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Malicious punishment of a child charges in Minnesota are those directed at a parent, guardian, or caretaker. The charges typically result from the manner in which a child was disciplined.  These charges can be a felony or gross misdemeanor. There is a lot of gray area in the definition of the crime itself. Facing a malicious punishment charge can be terrifying, especially if you feel you’ve done nothing wrong as a parent. If you are facing charges for malicious punishment of a child, read on to understand your options. Note that all charges can potentially be reduced or eliminated with the help of a criminal defense lawyer. We recommend contacting us right away if you have been charged with malicious punishment of a child. How the Law Defines Malicious Punishment of a Child In Minnesota, malicious punishment of a child is defined as follows: A parent, legal guardian, or caretaker who, by an intentional act or a series of intentional acts with respect to a child, evidences unreasonable force or cruel discipline that is excessive under the circumstances This definition would include child abuse. Malicious punishment of a child in Minnesota often depends on the particular circumstances surrounding the incident. The basis of the crime is using unreasonable force or cruel discipline on a child. What a court or jury would consider excessive force or cruel discipline may be different in different situations.  Additionally, there are two other elements of the crime. The parent, guardian, or caretaker must have acted intentionally, and the force or cruelty must have been excessive. In other words, the state’s proof of this crime may not be as clear as it seems. Hiring an experienced criminal defense attorney is critical in this situation. Malicious Punishment of a Child Charges Malicious punishment of a child in Minnesota can be either a gross misdemeanor or a felony. A gross misdemeanor is possible when the punishment results in “less than substantial bodily harm.” The charge may be enhanced to a felony in the following circumstances: The child was under the age of four, and the punishment caused bodily harm to the  head, eyes, neck, or caused multiple bruises to the child’s body; Punishment resulted in substantial bodily harm to the child; Punishment resulted in great bodily harm to the child; or  If the person charged committed the crime within five years after the end of their sentence or disposition from a conviction for a previous, specific crime (listed in the statute). The state of Minnesota defines the various harms as follows: Bodily harm: “physical pain or injury, illness, or any impairment of physical condition;” Substantial bodily harm: “bodily injury which involves a temporary but substantial disfigurement, or which causes a temporary but substantial loss or impairment of the function of any bodily member or organ, or which causes a fracture of any bodily member;” Great bodily harm: “bodily injury which creates a high probability of death, or which causes serious permanent disfigurement, or which causes a permanent or protracted loss or impairment of the function of any bodily member or organ or other serious bodily harm.” The penalties will depend on the specific charge. Penalties for Malicious Punishment of a Child For a gross misdemeanor charge of malicious punishment of a child, the person convicted can receive a sentence of jail time of one year or less, a fine of $3,000 or less, or both. In the cases of felony to a child under four, a felony resulting in substantial bodily harm, or a prior conviction, the person convicted can receive a prison sentence of up to five years, a fine of $10,000, or both. For a felony resulting in great bodily harm, the person convicted can receive a prison sentence of up to 10 years, a fine of up to $20,000, or both. Why Hiring an Attorney is Critical Hiring an attorney for malicious punishment of a child charges is critical. As mentioned above, the particular circumstances are highly relevant to this crime. Additionally, there may be specific legal defenses available in your case that an experienced attorney can help you with. An experienced criminal defense attorney in Minnesota will thoroughly investigate your case and mount the best defense possible. Contact Arechigo & Stokka, P.A. If you are facing charges for malicious punishment of a child, contact the experienced attorneys at Arechigo & Stokka, P.A. We offer free consultations and will assist you every step of the way. We have a history of success in reducing or eliminating all manner of criminal defense charges, including defending our clients in the Minnesota Supreme Court. Contact us today to get started.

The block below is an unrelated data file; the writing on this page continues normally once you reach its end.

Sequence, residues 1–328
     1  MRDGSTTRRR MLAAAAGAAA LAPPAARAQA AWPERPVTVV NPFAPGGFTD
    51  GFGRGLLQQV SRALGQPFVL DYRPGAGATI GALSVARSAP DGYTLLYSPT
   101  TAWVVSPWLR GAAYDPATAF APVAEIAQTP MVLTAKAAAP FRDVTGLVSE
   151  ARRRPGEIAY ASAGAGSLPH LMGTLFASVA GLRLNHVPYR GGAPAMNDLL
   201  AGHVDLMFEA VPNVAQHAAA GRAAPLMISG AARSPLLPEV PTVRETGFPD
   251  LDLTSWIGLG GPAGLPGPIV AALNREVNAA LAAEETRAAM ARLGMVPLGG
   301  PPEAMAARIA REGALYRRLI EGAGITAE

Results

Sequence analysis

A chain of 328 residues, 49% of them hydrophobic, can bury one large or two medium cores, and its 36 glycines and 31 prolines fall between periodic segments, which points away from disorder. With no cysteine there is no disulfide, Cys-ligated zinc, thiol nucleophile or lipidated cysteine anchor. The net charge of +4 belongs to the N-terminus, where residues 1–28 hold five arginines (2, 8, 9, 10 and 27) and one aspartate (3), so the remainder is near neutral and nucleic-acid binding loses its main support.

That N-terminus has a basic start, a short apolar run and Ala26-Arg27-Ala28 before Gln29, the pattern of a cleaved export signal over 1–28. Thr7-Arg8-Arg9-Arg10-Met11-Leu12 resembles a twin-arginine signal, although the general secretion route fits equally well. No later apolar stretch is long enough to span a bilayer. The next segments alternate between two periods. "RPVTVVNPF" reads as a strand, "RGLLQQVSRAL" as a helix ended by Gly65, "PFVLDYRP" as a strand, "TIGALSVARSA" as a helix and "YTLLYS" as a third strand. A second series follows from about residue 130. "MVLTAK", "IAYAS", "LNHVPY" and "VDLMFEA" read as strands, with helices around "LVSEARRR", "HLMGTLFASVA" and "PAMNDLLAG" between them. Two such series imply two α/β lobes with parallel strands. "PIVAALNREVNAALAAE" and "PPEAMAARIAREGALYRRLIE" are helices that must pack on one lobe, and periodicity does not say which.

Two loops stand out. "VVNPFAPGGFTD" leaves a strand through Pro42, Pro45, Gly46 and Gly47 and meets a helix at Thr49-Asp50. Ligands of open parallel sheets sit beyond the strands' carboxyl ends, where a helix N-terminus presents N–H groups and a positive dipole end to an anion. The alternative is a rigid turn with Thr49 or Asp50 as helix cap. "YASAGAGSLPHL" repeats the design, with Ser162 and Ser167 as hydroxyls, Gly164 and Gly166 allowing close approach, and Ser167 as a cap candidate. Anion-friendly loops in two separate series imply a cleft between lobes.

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5th Degree Drug Possession in MN – What Are the Consequences?